Building on decades of activism, protests against gender-based violence quickly spread across the region during COVID-19. Many of these protests took place under the transnational banner of ‘Ni Una Menos’ (Not One [Woman] Less), a long-running movement in the region against femicide.
And the call for action paid off, with Latin American and Caribbean governments taking the highest number of government measures to address gender-based violence of any region in the Global South during the pandemic, reflecting the persistent feminist advocacy both on the streets and within institutions.
The rise in gender-based violence protests in Northern Africa and Western Asia region was led by Türkiye, amidst the country’s consistently high rates of femicide (with the We Will Stop Femicides Platform counting 280 femicides just in 2021) and its simultaneous rollback of legislation designed to protect women from violence. When the Government announced its withdrawal from the Istanbul Convention in March 2021, women’s and LGBTIQ+ organizations took to the streets in widespread protests.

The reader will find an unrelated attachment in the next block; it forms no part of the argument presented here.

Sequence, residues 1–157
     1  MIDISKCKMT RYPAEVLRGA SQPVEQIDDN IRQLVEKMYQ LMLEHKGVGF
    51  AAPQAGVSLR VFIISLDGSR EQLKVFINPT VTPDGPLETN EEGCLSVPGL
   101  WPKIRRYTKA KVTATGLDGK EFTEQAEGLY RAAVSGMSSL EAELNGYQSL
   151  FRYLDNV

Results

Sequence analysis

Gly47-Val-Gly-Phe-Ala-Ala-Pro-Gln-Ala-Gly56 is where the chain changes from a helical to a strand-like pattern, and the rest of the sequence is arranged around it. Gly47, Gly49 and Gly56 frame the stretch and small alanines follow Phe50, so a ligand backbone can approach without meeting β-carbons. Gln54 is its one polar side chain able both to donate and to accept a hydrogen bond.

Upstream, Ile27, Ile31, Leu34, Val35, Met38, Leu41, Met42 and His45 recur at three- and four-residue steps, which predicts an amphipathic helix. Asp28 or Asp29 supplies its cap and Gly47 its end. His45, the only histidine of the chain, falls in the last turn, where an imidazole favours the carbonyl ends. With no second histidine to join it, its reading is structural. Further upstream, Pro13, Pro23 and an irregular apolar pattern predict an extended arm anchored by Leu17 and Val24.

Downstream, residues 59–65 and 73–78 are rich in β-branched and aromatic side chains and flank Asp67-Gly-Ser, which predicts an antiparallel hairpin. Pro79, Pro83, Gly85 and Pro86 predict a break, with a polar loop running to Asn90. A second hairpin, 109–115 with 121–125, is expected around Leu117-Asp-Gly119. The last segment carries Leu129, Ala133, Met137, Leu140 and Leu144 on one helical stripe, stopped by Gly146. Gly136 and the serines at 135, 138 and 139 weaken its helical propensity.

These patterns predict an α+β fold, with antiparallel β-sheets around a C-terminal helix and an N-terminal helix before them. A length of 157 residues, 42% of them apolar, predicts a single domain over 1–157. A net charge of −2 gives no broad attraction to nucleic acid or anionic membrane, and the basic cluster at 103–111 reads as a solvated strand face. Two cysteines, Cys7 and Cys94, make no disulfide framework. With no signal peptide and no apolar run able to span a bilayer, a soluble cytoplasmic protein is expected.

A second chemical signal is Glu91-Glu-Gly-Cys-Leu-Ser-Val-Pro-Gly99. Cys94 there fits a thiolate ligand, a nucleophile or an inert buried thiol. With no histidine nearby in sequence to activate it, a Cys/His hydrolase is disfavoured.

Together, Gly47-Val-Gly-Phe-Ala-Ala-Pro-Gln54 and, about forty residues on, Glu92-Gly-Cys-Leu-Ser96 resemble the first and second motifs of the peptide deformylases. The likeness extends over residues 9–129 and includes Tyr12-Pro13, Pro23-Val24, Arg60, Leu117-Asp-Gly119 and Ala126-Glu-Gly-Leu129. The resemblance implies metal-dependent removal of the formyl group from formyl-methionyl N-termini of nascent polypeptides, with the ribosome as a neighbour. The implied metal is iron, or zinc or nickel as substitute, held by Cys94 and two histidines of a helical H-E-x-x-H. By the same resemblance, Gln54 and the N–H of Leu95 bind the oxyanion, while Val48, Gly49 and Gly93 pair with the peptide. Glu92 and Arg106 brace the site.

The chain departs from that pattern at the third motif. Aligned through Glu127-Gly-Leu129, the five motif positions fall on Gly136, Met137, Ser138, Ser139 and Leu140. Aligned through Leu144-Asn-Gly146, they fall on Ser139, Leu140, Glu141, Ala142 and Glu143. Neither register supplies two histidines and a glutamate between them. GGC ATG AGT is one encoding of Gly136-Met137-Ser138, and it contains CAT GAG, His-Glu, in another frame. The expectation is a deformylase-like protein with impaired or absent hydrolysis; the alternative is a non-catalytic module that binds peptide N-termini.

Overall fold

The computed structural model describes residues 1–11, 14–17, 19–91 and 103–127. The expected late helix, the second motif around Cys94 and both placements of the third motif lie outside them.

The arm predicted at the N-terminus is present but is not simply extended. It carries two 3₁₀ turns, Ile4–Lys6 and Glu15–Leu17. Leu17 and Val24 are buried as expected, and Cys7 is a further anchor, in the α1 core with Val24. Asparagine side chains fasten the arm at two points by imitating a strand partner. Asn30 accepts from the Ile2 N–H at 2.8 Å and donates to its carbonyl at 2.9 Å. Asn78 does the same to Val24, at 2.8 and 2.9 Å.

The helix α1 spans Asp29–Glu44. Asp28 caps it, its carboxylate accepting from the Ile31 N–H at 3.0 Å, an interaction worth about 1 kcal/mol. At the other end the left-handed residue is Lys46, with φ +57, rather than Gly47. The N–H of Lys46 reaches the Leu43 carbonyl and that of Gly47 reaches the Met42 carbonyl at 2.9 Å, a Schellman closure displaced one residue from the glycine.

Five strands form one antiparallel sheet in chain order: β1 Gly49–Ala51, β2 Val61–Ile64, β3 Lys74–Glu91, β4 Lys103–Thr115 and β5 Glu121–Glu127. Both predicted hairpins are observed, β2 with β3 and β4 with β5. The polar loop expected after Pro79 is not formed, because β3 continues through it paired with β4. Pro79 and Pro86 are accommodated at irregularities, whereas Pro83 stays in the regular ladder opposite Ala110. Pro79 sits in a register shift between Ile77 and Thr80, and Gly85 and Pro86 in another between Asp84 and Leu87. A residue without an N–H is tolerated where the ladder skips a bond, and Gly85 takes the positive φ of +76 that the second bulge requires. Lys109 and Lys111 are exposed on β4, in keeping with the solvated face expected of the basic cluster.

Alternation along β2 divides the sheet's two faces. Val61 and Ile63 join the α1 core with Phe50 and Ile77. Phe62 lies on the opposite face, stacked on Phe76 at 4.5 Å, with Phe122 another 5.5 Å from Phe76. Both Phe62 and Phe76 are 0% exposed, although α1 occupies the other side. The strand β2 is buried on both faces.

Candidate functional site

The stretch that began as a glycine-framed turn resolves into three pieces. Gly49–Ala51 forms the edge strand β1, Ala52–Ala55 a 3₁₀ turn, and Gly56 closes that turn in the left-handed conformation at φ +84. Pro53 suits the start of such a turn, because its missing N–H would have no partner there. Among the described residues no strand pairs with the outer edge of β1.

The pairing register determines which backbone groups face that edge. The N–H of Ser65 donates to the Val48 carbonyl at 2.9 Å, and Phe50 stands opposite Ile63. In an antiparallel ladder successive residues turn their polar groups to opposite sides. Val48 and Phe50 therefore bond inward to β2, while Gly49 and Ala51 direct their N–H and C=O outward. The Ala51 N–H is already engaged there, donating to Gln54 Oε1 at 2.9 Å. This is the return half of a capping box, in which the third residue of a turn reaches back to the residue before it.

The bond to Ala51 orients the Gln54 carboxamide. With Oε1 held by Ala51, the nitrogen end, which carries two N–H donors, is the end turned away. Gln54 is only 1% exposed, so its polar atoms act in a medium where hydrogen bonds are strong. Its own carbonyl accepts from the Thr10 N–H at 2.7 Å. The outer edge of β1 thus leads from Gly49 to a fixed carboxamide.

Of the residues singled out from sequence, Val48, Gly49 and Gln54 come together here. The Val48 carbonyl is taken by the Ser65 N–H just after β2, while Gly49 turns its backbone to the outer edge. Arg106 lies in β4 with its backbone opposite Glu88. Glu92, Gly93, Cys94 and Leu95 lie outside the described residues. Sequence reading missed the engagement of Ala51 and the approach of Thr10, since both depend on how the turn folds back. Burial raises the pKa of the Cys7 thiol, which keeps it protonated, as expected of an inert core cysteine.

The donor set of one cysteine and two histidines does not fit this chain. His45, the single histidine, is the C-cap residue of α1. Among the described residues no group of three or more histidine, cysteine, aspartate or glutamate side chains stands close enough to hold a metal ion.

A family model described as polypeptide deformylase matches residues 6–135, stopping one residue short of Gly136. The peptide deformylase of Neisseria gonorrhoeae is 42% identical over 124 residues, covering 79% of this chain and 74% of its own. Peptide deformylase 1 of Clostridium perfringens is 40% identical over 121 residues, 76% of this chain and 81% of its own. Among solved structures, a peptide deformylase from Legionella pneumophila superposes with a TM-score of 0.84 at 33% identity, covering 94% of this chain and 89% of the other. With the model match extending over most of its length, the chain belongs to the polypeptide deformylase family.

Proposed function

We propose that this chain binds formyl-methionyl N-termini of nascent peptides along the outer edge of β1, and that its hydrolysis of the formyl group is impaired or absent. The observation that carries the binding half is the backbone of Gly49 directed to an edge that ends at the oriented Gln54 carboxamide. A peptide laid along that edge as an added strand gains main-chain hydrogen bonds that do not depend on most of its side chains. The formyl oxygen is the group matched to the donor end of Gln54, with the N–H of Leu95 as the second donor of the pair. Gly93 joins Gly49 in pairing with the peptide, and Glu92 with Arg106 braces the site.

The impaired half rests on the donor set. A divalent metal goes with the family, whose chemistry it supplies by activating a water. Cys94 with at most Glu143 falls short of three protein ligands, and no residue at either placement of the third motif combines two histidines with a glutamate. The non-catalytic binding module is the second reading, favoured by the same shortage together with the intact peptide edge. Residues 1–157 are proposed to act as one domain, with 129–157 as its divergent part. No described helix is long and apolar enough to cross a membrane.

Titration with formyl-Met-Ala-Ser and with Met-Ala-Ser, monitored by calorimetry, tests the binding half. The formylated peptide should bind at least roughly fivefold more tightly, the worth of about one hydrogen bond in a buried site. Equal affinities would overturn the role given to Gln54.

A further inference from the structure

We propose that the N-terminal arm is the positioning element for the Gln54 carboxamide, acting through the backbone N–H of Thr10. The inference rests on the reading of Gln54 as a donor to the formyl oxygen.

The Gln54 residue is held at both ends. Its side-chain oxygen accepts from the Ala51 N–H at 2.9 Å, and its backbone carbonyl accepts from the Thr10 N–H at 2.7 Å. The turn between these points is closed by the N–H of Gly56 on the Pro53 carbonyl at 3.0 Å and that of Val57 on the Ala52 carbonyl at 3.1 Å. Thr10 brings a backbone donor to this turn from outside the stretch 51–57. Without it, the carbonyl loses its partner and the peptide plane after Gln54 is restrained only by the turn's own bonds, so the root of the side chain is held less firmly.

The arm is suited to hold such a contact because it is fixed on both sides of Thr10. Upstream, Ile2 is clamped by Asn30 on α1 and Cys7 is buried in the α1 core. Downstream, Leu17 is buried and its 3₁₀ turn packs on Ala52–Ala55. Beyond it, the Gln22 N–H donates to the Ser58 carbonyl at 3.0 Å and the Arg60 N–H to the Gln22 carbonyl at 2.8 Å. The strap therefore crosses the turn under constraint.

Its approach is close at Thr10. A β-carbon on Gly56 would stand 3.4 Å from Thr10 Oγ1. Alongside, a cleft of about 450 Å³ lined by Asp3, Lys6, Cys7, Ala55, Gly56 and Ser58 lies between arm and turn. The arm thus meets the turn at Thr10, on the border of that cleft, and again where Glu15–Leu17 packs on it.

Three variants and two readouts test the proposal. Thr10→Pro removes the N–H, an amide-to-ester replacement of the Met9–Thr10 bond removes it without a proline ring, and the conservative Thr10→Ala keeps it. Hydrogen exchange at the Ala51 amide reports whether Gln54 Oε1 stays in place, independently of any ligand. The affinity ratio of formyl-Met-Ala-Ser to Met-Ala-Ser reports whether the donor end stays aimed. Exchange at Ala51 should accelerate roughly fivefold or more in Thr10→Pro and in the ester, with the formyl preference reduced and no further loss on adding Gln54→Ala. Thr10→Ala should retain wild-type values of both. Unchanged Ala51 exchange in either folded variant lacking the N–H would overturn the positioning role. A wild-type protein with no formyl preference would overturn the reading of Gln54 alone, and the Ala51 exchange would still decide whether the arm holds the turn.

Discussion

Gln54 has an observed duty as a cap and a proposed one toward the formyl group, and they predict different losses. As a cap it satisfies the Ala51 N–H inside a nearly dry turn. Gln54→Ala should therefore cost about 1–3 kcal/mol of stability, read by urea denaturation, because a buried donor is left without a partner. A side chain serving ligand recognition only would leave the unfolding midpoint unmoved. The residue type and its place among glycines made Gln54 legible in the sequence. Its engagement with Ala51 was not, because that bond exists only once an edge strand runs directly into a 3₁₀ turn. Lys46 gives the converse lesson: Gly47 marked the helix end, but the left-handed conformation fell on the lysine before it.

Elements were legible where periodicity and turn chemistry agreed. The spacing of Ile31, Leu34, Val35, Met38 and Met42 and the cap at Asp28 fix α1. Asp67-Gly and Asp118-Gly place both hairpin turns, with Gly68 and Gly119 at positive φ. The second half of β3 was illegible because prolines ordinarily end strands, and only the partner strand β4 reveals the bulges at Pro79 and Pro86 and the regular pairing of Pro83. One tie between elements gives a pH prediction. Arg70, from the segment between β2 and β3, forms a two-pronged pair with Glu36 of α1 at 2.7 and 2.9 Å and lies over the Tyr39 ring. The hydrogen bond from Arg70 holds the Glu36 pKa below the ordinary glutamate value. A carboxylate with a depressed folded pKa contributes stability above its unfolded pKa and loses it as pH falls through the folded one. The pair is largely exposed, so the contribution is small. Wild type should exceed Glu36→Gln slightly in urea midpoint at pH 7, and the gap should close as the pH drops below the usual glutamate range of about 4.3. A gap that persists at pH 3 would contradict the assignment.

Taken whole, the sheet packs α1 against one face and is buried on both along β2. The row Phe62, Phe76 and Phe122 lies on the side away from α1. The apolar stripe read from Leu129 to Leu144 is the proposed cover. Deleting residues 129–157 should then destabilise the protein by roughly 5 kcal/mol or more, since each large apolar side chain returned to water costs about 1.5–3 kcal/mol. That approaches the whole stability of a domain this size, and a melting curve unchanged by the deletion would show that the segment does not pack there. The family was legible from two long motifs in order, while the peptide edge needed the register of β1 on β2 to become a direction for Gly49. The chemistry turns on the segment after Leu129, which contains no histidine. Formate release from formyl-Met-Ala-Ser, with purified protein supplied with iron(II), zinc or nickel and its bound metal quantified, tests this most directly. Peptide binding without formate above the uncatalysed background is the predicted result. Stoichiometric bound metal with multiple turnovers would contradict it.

In Sub-Saharan Africa, South Africa accounted for almost half (47%) of all protests against gender-based violence across the region. In Nigeria, the country with the next-highest number of gender-based violence protests, demonstrations were organized by a wide array of women’s groups, including students, market workers, lawyers and medical personnel.